“When they gave me the setlist, I was like [hyperventilating]. Now, it’s just second nature. I don’t even have to think about the words,” she said.

A typical setlist for Annie Up includes “Brickhouse,” “Manic Monday,” “Livin’ On a Prayer,” and other hits from the late 70s to today. It’s a culmination of music that depends on the dynamic of the performance. To simplify it, Annie Up plays “all those typical rock songs people like to scream and get drunk to,” Chandler said.

Despite the age gap, Annie Up functions like a machine, she said.

“They’re really great people — fun to be around, really good musicians. They take care of us. Our manger’s awesome. He’s a funny old guy,” Chandler said.

Performances can range anywhere from two to five hours long. At first, Chandler said she worried her voice was going to give out, but it’s actually grown stronger over time. While the schedule is rigorous, Chandler claims it has helped her grow as both a performer and a person.

“As a performer, you want to be able to get paid well for what you do, and I feel like that’s really hard to find in Wichita,” Chandler said.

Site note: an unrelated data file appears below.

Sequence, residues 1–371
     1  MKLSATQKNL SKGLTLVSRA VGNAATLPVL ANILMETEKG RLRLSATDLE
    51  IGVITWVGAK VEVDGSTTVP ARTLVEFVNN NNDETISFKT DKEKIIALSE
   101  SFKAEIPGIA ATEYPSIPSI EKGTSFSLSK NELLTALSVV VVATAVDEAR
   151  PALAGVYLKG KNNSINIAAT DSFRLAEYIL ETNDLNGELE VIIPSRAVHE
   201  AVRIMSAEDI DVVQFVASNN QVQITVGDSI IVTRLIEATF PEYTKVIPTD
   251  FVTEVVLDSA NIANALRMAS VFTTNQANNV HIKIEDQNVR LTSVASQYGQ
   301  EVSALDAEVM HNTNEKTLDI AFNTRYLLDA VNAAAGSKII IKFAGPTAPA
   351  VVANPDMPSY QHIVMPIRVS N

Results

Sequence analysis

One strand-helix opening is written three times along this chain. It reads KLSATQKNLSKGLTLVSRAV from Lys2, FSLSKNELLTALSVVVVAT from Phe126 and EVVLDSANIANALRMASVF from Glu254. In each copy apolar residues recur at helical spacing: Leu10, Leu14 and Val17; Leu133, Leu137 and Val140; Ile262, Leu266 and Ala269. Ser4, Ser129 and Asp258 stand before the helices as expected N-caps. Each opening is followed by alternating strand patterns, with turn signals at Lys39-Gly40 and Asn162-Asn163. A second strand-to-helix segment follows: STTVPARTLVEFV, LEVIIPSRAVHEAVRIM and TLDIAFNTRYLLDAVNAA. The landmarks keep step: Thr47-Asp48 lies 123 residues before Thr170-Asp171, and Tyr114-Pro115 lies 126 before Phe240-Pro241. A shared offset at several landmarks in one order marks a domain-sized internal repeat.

Annie Up is the exception. The band is booked every single weekend for the next calendar year.

“Today, the State Fair, tomorrow at Botanica, and Sunday at the zoo. It’s every weekend,” Chandler said.

The name Annie Up is a play on words on the poker term, “ante up.” When the band was first formed, they primarily played in casinos. Annie Up has been around for the better part of a decade with a rotating group of performers.

“It’s more of a brand now, than a specific group of people, because of how many people that have cycled through,” Chandler said.

While musical theatre will always be her first love, Chandler said she isn’t set on just one type of performing. In fact, she’s recently been booked for solo shows in Wichita.

“It’s been cool to realize I like doing other stuff outside of [musical theatre],” she said. “It’s nice to find other avenues instead of just putting yourself into one little box.”

For Chandler, the most rewarding part of performing is the opportunity to tell someone else’s story and escape reality for a moment, she said.

“The more empathy you have, the better of a performance you have.”

For Chandler, performing isn’t selfish, she said — it’s selfless. She finds comfort and light in her ability to bring others joy through her storytelling and singing.

“It’s the little things I didn’t think of when I joined the band that actually mean the most compared to just singing,” Chandler said.

“Even the moments that haven’t been the best have been a learning experience for me. I think the good and the bad was worth it. You can’t learn if you don’t try different things.”

When Chandler graduates in December, she plans to keep singing with Annie Up as much as she can while also performing at the Wichita Forum Theatre.

“This is what I want to do,” she said. “I get to sing every weekend, and I get paid well for it. I don’t know how this happened to me, but I’m really excited about it.